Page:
On Memory

FYI, the blog below started out being what I had intended to be a short reply to a journalist for the Wall St. Journal asking for medical and nutritional experts to submit their credentials and take on memory.  A patient of mine gave me the heads up and I scrambled to put something together on short notice and tight deadline.  I ended up really enjoying the research I did and ended up writing way too much on the subject.  In the end, it was a day late and a page too long for the WSJ, but hopefully, you’ll enjoy the result….

As a nutritionist and practitioner of Chinese Medicine, I know treating memory problems has to be understood and treated with a systems approach rather than trying to find one cause and one magic bullet.

Both modern Functional Medicine (FM) and ancient Chinese Medicine (CM) view cognitive ability as the result of a complex interplay of various organs, somatic constituents (humos), diet, environmental factors, and lifestyle.  There is no one universal cause, etiology, or treatment in both systems of medicine.

In Western medicine, impaired memory could be caused by traumatic brain injury, seizures, cerebrovascular accident, chronic alcohol abuse leading to Korsakoff’s syndrome, illicit drug use, PTSD, dissociative identity disorder, and chronic vitamin B deficiency.  All of these have nutritional implications, but the last one is of particular interest to someone like me because it could
be caused not only by insufficient B vitamin intake, but by problems with digestion and absorption of these important brain nutrients.  For example, adequate B12 levels are contingent upon enough stomach acid (HCl).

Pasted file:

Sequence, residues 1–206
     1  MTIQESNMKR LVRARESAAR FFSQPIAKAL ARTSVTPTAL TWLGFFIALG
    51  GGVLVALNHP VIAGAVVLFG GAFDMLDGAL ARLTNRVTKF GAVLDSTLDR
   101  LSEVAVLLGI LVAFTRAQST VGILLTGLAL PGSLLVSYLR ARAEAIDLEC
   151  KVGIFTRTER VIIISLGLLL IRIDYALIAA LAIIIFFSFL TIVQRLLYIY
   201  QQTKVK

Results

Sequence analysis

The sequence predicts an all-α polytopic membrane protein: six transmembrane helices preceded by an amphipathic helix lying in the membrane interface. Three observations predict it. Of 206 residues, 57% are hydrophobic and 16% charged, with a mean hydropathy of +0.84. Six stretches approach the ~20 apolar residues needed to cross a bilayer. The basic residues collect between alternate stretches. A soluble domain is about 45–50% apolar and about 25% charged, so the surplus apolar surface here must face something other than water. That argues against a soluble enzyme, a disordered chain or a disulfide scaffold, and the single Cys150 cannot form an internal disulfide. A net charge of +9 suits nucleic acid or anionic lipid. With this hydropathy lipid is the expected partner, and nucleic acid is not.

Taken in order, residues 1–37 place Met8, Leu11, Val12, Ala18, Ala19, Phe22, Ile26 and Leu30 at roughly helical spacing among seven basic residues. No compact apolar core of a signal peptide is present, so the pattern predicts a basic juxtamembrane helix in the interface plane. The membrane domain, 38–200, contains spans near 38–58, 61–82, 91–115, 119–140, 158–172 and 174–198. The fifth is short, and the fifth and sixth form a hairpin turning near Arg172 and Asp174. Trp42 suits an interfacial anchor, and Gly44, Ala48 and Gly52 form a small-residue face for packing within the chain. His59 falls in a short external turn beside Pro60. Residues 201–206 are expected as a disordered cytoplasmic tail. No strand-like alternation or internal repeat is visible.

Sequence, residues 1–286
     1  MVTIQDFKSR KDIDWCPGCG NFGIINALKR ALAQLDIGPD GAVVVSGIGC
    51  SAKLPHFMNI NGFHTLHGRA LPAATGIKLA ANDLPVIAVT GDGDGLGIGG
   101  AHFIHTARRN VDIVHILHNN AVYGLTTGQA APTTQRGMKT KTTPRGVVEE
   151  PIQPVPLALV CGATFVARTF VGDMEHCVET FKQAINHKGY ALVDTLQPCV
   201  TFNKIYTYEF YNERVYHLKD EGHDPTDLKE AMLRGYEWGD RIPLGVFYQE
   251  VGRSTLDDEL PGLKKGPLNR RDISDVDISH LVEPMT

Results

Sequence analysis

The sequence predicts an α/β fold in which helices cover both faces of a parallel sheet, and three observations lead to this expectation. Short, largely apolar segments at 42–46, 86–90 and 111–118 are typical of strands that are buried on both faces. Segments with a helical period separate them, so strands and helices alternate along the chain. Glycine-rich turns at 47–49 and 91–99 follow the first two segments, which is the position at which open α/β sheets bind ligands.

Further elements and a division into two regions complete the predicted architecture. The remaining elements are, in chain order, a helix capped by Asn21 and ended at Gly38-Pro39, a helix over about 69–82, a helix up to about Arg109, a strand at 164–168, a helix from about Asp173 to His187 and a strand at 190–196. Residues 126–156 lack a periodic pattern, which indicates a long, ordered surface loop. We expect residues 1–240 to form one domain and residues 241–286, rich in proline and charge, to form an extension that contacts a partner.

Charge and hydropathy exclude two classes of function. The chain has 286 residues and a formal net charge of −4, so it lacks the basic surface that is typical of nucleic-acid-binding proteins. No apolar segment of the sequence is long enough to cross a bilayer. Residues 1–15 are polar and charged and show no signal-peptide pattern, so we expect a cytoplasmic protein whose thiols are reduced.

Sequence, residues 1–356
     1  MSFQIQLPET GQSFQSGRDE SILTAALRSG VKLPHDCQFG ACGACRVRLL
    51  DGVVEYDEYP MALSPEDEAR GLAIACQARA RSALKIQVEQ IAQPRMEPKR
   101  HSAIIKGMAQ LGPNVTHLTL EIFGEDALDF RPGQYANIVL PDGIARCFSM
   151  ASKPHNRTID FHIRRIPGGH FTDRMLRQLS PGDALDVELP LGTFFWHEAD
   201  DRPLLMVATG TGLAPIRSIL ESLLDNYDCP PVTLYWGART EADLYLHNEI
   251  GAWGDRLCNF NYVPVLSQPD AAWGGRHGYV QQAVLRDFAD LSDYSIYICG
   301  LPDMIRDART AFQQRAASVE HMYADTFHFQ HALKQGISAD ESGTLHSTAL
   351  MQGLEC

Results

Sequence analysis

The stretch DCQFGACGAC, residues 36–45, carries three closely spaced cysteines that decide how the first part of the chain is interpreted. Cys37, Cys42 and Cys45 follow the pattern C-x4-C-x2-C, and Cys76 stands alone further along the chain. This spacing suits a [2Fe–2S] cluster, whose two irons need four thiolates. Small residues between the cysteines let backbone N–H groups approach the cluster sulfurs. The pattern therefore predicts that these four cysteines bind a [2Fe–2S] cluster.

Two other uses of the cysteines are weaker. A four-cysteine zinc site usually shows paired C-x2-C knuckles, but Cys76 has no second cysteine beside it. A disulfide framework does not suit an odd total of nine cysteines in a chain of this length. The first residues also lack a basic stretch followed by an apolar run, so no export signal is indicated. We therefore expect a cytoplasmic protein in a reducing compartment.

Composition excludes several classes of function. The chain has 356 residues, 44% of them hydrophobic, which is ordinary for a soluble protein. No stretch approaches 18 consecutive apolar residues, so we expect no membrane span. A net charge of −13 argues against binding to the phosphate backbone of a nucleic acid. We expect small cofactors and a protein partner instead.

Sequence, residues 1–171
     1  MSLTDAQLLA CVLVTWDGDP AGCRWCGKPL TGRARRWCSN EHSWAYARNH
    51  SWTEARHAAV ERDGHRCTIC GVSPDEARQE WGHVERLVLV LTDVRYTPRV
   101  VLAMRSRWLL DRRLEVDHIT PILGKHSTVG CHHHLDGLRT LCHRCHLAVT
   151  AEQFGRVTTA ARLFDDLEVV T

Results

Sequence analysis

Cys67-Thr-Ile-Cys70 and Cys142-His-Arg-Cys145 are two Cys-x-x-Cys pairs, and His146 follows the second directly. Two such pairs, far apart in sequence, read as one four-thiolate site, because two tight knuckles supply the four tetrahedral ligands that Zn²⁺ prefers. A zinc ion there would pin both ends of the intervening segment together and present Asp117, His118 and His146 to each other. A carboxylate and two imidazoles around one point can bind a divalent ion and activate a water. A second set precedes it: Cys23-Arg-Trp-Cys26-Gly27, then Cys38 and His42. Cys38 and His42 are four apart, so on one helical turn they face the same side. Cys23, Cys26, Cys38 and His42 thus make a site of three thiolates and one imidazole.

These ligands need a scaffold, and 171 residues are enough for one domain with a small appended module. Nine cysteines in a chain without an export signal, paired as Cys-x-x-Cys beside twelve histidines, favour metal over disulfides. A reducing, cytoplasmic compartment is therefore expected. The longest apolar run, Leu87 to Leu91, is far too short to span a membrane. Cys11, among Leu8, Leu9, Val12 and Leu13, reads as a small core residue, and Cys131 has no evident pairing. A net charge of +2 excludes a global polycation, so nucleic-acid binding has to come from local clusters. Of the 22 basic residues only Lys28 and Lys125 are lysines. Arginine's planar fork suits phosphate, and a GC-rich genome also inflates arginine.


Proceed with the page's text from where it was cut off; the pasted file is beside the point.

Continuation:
The Framingham study in 1994 (Lindenbaum et al) showed that 40% of the elderly subjects were B12 deficient, compared to 17.9% of the younger controlled subjects.  Insufficient HCl would also potentially lead to amino acid insufficiencies.  Amino acids are critical in the formation of both neurotransmitters and hormones which can have dramatic impacts on memory. Adequate intake and absorption of B vitamins and amino acids (protein) are all heavily influenced by dietary habits—not just what you eat, but how you eat it and what you combine it with as well as adequate intestinal
permeability.

In addition to the basic brain nutrients, there is a plethora memory helping phytonutrients in foods such as blueberries (anthocyaninsand pterostilbene), grapes (resveratrol),
grape seeds, rosemary, ginkgo biloba, periwinkle (Vinpocetine), ashwagandha, and many others.  Also available to help cognitive and memory function are over the counter supplements such as L-alpha
glycerylphosphorylcholine, phosphatidylserine, tyrosine, taurine, pregnenolone.  These can help by modulating inflammation, increasing circulation, mitigating cortisol and the stress response, increasing neuronal communication, and preventing free radical oxidative damage.